It seemed appropriate for the first post on this blog to give a quick overview of the history of the books describing Wainwright’s walks in the Lake District. There are many other Wainwright books, but we’ll focus on the Lake District walks first.
Alfred Wainwright, although nowadays best known for his “Wainwright Walks” in the Lake District, first developed his love for the outdoors further south in the Lancashire Pennines. During the 1920s and 30s he was often to be found at weekends in the areas around Pendle Hill and the moorlands between Lancashire and Yorkshire. His continuing love for the Pennines shines through in his later writings even after years of focusing chiefly on his Pictorial Guides to the Lakeland Fells.
He had grown up in the textile manufacturing town of Blackburn during the depressions years and was not “born with a silver spoon in his mouth”. He came of working class stock, living in one of the poorer areas of the town. Although he left school at 13 he was both bright and determined; he was not going to be held back. Making maximum use of the educational facilities available to him junior office jobs in the Borough Engineer’s Department led, as he worked at his night-school courses, to promotions into accountancy roles.
Wainwright in the Lakes
It was in 1930 that Wainwright first visited the Lake District for a walking holiday, and he was hooked! From then onwards at every opportunity he was to be found walking the fells of the Lake District National Park which then, before local government reorganisation and the creation of Cumbria in the 70s, straddled the three counties of Cumberland, Westmorland and Lancashire.
The main restriction on his Lake District walking was the time it took by bus or train to get from Blackburn. When a job vacancy in the Kendal Borough Treasurer’s office came vacant in 1941 he applied, was appointed. His move to Kendal meant that from then on could wander the Lakeland fells almost from his own front door.
Pictorial Guide to the Lakeland Fells
He began making notes of his walks, and practised the arts of mapping and sketching, until in the early 50s he developed the idea of a series of books containing his notes maps and sketches, covering the whole of the Lake District. In 1955 “A Pictorial Guide to the Lakeland Fells, by A. Wainwright” was published privately. This first volume covered the Eastern Fells, from Ambleside northwards to the east of Dunmail Raise and Thirlmere and to the west of Kirkstone Pass, Goldrill Beck and Ullswater as far as Threlkeld.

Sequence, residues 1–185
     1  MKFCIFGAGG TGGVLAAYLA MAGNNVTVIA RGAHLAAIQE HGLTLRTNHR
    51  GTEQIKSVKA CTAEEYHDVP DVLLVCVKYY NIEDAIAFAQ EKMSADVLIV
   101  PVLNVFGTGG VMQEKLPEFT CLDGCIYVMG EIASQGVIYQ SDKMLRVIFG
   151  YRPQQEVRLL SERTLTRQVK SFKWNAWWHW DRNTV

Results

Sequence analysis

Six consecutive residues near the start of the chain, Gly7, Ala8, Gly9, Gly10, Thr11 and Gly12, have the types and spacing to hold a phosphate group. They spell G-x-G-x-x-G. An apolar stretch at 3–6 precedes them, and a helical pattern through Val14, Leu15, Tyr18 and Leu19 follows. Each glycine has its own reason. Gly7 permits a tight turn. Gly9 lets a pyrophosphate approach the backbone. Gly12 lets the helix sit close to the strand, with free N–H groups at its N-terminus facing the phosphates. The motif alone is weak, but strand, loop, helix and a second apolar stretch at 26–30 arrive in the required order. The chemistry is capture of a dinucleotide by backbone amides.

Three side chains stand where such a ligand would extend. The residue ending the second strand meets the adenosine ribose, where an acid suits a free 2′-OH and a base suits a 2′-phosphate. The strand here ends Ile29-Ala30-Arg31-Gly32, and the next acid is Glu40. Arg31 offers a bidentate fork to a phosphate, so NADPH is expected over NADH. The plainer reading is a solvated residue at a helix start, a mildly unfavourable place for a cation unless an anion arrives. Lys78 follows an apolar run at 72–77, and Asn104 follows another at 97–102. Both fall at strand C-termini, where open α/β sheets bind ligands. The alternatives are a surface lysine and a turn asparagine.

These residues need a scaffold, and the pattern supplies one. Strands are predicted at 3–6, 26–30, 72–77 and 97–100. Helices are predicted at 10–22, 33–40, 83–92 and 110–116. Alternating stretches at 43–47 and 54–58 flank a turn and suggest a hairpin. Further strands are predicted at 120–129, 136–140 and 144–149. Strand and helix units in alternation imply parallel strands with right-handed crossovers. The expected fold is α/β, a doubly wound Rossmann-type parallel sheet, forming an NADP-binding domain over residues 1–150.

He divided Lakeland into seven divisions, and by 1966 had produced a volume on each with a local newspaper, The Westmorland Gazette, as publisher. For many years after this the Wainwright Guides became the standard source of advice for anyone treating walking in the Lake District seriously.
Wainwright the Fell Wanderer
This self-described “fell wanderer” gives a description of fell walking in his Introduction to a follow-up volume on the Outlying Fells of Lakeland. It is worth quoting here:
“It is not a game, not a sport, not a competing with others, but a pastime: a simple way of spending leisure hours alone or in the company of kindred beings that has as its aim the study of nature in some form or other: flora or fauna, geology, the lie of the land; or of sites of antiquarian interest on the hills: old mine workings, relics of former civilisations, ancient settlements. All harmless pursuits, all instructive.”
The Wainwright Guides are packed with snippets of information and advice. From time to time he would highlight the more difficult stretches for those “with red blood in their veins”, whilst to others he gives the caution, “Remember … you are not as young as you used to be,” and always: “Watch where you’re putting your feet”.
Shortly after his death in 1991 the publisher Michael Joseph (part of the Penguin group) took over all of Wainwright’s forty nine books. By this time they were beginning to fade in value as guides to be carried on walks. The landscape was changing gradually as it always does. They needed updating, but Michael Joseph did not initiate this project. By the early years of the 21st century, almost fifty years after publication of the first volume, only nine titles of the forty nine were still in print. Rights to the works reverted to his family and arrangements were made for publisher Francis Lincoln to reissue the Guides in revised editions. Also, for the fiftieth anniversary of the first volume an anniversary reprint edition, from the original plates, was issued and this is still available.
Chris Jesty had many years before in conversation with Wainwright broached the possibility of revision and received the response, “Not in my lifetime”. Now however, with a publisher taking a serious interest in the continued fortunes of the Guides, Jesty could get to work and painstakingly re-walked each and every route, checking details with the benefit of technology that was not available to Wainwright himself half a century earlier. The outcome of this labour of love is the publication of 2nd Revised Editions of all seven volumes plus the Outlying Fells and the Coast to Coast Walk, modernised but retaining the distinctive Wainwright style.
The 21st Century and the Wainwright Walks
There are, of course, other guides to Lake District walking with more colour and brilliant photography, but in its revised edition a Pictorial Guide to the Lakeland Fells by A. Wainwright will surely hold its own against, or at least alongside, any alternative for many a year to come. The Wainwright Walks are not about to fade away.